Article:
The Vatican

What has the St. Peter's Obligation money been spent on?

Every year, on June 29, the offerings of the faithful are collected in parishes and donated to the Pope's mission. This is the Obolo di San Pietro (Offering of St. Peter), a very ancient institution of support from the faithful for the work of the Church.

Andrea Gagliarducci-June 17, 2022-Reading time: 5 minutes

The St. Peter's Obligation has become a real support for the Holy See since the 19th century, when the Pope lost the Papal States and Catholics around the world organized to finance his mission. Therefore, it should come as no surprise that the vast majority of the Oblates' funds are dedicated to the activities of the Holy See: covering the budget of the Curia, the expenses of the nunciatures and other institutional expenses. Only a small part of the St. Peter's obolus goes to charitable works, with specific projects.

The figures were published on June 16, in the annual statement that started to be made last year, as the last figures were from 2015. To understand what the Óbolo is and how it is used, let's start with the numbers and go into the history.

The numbers

In 2021, 55.5 million went to support activities promoted by the Holy See in the fulfillment of the Holy Father's apostolic mission. Another 9.8 million went to projects of direct assistance to the needy.

The total of 65.3 million euros did not come out of the collection, since last year the collection amounted to 46.9 million. The Obolo is, in short, in the red. However, the figures say that it has done better than expected.

Father Antonio Guerrero Alves, Prefect of the Secretariat for the Economy, speaking of the "mission budget" of the Roman Curia for 2021, had expressed precisely his concern about the collection of the Obligation.

"Broadly speaking - emphasized the prefect of the Ministry of Economy-, I can say that in 2021 there was again a drop compared to the previous year, which I would dare to quantify at no less than 15%. If in 2020 the total Óbolo collection was 44 million euros, in 2021 I do not think it will be 37 million. The decline in 2021 is on top of the 23% decline between 2015 and 2019 and the 18% decline in 2020, the first year of the pandemic.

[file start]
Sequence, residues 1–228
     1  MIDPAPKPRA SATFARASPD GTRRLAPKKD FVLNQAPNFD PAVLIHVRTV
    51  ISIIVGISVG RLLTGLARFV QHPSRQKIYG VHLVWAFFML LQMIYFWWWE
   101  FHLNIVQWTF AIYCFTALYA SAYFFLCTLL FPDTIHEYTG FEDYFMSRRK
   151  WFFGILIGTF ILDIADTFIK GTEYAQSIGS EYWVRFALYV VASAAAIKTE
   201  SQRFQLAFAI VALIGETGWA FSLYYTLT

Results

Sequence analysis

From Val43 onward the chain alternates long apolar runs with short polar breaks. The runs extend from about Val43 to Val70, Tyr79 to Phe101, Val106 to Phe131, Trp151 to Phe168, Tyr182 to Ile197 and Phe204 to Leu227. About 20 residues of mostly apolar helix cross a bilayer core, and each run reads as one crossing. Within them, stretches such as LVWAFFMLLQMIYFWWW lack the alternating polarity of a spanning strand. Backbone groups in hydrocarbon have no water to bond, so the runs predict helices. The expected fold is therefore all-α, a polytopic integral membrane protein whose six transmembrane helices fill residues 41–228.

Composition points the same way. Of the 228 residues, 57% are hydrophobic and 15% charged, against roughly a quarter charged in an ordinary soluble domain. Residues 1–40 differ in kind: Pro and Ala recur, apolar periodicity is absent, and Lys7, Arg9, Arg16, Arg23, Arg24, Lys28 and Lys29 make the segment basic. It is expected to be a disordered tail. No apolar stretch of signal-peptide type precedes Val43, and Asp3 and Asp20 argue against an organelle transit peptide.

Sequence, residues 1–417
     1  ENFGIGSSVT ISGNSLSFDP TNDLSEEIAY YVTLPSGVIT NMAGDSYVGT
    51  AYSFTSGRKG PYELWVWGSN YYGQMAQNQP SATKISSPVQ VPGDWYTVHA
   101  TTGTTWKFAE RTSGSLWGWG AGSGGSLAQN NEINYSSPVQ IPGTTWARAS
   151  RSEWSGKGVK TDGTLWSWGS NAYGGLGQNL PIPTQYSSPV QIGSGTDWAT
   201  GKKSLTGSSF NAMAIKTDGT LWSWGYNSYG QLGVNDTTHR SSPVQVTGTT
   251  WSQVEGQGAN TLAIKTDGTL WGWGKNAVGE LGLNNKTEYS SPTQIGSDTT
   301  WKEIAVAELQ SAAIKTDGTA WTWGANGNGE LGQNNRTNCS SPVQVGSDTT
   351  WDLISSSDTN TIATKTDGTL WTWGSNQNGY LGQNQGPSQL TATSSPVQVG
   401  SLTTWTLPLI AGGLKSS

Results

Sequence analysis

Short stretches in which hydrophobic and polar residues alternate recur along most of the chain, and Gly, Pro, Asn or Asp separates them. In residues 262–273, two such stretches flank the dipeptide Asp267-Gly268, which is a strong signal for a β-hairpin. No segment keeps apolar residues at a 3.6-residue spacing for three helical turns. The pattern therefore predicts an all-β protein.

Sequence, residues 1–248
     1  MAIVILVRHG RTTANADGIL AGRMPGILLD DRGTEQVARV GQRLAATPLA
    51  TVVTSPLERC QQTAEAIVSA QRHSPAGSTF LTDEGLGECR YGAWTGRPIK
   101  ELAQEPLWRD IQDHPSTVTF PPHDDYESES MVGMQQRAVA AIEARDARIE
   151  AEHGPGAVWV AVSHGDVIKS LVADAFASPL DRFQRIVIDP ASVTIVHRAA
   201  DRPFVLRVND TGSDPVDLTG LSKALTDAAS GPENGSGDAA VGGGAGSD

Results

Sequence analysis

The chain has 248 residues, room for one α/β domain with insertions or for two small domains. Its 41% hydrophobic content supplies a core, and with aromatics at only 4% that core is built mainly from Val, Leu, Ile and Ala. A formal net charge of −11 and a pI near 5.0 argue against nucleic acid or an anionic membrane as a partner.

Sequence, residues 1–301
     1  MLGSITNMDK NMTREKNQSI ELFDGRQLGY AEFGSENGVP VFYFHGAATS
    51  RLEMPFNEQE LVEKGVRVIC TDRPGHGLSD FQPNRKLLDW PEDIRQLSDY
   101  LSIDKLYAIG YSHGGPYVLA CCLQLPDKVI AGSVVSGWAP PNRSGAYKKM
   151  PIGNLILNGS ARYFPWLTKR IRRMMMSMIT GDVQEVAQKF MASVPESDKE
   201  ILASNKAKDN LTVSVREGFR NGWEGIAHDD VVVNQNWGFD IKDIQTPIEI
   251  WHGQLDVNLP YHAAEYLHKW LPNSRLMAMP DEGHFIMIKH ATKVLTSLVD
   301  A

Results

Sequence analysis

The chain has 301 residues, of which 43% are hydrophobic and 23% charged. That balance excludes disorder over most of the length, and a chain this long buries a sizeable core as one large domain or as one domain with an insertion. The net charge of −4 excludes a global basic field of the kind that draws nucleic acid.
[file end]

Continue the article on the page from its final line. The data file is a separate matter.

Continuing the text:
How was the hole covered?

The Holy See donated more than 35 million euros, with which some needs were covered. In this way, the Oblates directly provided funds to 157 different projects in 67 different countries. In total, 9.8 million, which should be included in the 35 million mentioned. Of these projects, 41.8% were financed in Africa, 23.5% in the Americas, 25.5% in Asia, 8.2% in Europe and 1% in Oceania.

Among the projects funded are the construction of a building for young people in Saint Bertin (Haiti); a contribution to the construction of a school in Zimbabwe; a project in the Philippines to help end sexual exploitation and trafficking of children; dormitories in South Sudan and Indonesia; the reconstruction of a monastery in Ecuador; and the construction of a parish in India.

Added to this is support for the Pope's mission, i.e., spending to maintain the dicasteries. The 55 million given by the Obligation helped finance the 237.7 million in expenses of the dicasteries last year.

The countries that contribute most to the Óbolo are Germany, the United States, Italy, France, Spain, the Philippines, Latin America and Poland.

How the Óbolo works

The Óbolo has a website where you can find all the information about the projects it supports. However, it should not be forgotten that the main objective is to help the Holy See in its mission. Therefore, it is not surprising that it is used for institutional purposes.